By all accounts, the United States has a presidential election cycle that is way too long. In fact, the list of articles telling you it’s too long seems about as long.
Someone somewhere tells you we’re more than a thousand days away from the election, or 900 days, or 600 days or, mercifully, only 500 days away. A thousand days? John Kennedy’s presidency lasted only slightly longer.
Simultaneously, we’re told how every other nation has shorter campaign cycles. Way shorter. And we’re told in one poll after the next how most of us utterly hate how long the presidential campaigns have become. Not that you need polling data to tell you this. One popular bumper sticker ably captured the public sentiment: “Giant meteor 2016 — Just end it already.”
Ironically, the current process originated out of widespread frustration with the previous one, when national parties, with their backroom bargaining and closed-door arm-twisting, controlled the selection of candidates. So a process that Americans disliked yielded a process that Americans don’t like any better.
It has become a tune-out. Yes, the media goes bonkers over it, covering announcements like a tent, speculating about who will next declare, or whether they will declare, or why they haven’t declared yet, because they think we actually care. But honestly, do you? Does anyone remember a single word Donald Trump said when he launched his 2024 campaign in November? Yes, November, right after the 2022 midterms, for an election more than 700 days away. Or Nikki Haley’s launch in February (600-plus days away). It’s forgotten because we don’t care. And most of us probably don’t care that Florida Gov. Ron DeSantis announced last week he’d be heading to Iowa this week. Announced, I say!
Oh, they might care in Iowa right now, or, as The Des Moines Register put it, his “eagerly anticipated Iowa debut.” (Debut? You mean we’ll get an encore?)
How could anyone not get excited over something “eagerly anticipated”? Especially if the announcement caught you by surprise! Most “Iowa political observers” didn’t expect DeSantis to visit the state until after the Florida legislative session ended this spring. So you mean he might even run for president?
Nope. Anymore, when someone else says they’re running, most of us shrug and say, “Sure, whatever. A governor from somewhere? A former someone else? Sure. A brown bear dumpster-diving around Lake Tahoe? Does he have an exploratory committee? Fine. Add it to the list.”
Money is a culprit, we’re told. An early start helps you secure more donors before others jump in, say people with titles that suggest expertise. This, too, is a dubious argument. Months before anyone’s official launch, so-called invisible primaries are underway where aspiring candidates court donors, recruit staff and gauge viability. Nikki Haley spent 2022 raising money through her two PACs. Both are called Stand for America, but one is a nonprofit and is not required to disclose its donors or the monies raised. Bottom line: If you’re planning to run, you don’t have to launch anything to raise money, and Haley’s campaign is already flush with cash.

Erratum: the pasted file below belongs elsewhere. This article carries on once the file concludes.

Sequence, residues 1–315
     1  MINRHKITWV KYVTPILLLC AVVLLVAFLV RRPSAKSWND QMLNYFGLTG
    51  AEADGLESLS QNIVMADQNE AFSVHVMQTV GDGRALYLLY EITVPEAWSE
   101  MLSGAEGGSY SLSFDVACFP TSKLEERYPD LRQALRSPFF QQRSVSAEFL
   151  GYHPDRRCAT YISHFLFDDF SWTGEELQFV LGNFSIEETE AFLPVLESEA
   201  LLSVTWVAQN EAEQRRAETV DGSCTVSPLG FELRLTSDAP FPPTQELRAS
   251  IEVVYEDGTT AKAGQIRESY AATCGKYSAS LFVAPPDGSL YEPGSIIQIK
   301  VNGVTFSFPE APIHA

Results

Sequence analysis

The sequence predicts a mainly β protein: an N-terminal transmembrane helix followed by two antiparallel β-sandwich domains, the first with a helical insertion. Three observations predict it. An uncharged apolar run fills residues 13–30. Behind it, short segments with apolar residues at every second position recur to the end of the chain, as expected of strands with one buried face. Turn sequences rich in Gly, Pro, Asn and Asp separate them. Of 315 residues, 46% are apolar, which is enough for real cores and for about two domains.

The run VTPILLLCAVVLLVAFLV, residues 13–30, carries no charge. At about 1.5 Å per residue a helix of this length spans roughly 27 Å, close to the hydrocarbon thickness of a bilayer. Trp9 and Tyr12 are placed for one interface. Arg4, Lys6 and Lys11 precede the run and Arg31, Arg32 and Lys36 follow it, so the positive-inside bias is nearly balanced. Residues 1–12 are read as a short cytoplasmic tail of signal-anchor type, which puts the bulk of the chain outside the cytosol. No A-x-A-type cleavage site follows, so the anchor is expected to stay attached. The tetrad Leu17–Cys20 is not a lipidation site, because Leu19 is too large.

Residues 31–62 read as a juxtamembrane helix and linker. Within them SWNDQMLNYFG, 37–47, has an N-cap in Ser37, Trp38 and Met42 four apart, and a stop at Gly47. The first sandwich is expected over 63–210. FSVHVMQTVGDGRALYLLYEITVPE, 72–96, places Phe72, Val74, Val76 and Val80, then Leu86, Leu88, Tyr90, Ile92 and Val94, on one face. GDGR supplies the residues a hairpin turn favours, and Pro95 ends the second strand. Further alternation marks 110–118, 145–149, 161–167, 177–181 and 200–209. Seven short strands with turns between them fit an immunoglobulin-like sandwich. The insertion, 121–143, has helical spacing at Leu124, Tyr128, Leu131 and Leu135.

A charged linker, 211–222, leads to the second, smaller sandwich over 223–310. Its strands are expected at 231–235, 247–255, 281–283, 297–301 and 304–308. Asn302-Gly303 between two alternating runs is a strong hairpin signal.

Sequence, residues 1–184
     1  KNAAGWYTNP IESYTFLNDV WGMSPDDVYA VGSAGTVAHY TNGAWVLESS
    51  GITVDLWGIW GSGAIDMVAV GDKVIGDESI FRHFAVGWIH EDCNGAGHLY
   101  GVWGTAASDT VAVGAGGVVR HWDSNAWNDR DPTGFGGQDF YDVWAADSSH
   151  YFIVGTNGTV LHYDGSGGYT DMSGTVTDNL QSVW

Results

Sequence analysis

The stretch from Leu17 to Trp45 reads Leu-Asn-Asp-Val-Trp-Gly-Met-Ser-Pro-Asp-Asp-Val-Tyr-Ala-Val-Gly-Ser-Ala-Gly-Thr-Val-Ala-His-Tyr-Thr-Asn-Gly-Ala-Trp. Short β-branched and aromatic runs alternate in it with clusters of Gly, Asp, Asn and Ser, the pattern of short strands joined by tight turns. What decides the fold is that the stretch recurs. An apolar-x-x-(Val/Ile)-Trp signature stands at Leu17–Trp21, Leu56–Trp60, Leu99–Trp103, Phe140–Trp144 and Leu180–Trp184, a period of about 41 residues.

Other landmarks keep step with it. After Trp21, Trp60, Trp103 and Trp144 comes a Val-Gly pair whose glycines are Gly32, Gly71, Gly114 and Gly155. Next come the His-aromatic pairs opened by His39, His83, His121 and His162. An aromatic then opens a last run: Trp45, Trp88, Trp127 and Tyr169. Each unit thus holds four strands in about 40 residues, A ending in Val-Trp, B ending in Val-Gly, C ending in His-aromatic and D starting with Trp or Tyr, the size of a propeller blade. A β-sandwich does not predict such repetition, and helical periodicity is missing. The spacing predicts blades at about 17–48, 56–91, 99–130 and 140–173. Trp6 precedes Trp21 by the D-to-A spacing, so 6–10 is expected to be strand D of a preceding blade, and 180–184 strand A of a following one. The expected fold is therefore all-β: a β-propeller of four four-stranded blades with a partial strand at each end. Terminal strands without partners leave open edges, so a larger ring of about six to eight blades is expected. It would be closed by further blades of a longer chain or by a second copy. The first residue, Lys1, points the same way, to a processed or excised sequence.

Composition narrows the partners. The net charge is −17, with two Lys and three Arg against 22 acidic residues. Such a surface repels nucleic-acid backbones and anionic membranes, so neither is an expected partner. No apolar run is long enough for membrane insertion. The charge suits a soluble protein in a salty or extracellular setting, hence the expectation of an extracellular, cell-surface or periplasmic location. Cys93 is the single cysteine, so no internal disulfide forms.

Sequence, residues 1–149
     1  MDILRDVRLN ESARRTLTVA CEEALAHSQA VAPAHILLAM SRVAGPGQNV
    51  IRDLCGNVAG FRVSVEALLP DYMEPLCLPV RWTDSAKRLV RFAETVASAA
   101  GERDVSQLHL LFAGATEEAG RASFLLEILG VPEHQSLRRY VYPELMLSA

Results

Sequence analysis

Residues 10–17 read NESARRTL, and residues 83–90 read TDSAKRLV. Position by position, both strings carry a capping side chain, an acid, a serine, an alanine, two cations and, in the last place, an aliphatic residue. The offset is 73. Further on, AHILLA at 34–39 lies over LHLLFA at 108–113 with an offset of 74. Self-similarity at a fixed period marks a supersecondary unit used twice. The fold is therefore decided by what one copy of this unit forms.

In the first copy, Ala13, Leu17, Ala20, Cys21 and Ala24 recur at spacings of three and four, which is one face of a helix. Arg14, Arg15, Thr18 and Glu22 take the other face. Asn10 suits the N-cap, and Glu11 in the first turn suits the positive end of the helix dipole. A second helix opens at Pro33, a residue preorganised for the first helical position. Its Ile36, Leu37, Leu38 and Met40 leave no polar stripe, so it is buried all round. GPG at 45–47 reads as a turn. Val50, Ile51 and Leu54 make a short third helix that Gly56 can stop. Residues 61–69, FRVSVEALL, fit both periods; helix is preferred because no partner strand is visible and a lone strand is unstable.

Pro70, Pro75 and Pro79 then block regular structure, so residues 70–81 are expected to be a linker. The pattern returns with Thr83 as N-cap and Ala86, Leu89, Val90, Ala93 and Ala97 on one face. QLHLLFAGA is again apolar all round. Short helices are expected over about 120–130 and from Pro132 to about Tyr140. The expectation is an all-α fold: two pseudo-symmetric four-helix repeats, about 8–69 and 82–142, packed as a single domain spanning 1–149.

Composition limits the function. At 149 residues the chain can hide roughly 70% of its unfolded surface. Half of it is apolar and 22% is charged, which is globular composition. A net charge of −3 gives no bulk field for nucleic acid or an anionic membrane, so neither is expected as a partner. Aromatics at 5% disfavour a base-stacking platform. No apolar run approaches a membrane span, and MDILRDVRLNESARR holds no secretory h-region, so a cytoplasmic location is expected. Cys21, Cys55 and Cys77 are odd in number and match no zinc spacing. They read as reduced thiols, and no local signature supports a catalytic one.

Uri Friedman argues in The Atlantic that “the length of a campaign is one reason billions of dollars are poured into U.S. presidential contests …. The steep cost of running for president, in turn, only makes the campaign longer; candidates need time to fundraise.”
Let’s see. Longer campaigns cost more money, so we have to raise more money, but raising money makes a campaign longer, which costs more money to run. What’s a candidate to do?
Here’s an idea: Run a shorter campaign. Wouldn’t that require less money?
But Friedman argues that “shorter campaigns may produce ‘happier’ voters, but they may also produce less ‘enlightened’ voters.”
This is ludicrous. Voters become enlightened at the end of the campaign cycle because that’s when they pay attention. Longer cycles don’t mean people have more time to get enlightened. It means they finally got enlightened when they finally became interested in the general election, which wasn’t 700 days before Election Day but somewhere around Labor Day.
Let’s not dwell on the fact that so many think too many American voters are too dumb to be enlightened. (Which yields the frightening prospect that dumb people are electing people who are even dumber.)
But you have to wonder who these campaigns are targeting. Haley’s rally to kick off her campaign (which we’ve seen neither hide nor hair of since) is one of the fundamental things wrong with the quadrennial race for the brass ring: the political rallies. They are nothing but dog-and-pony shows.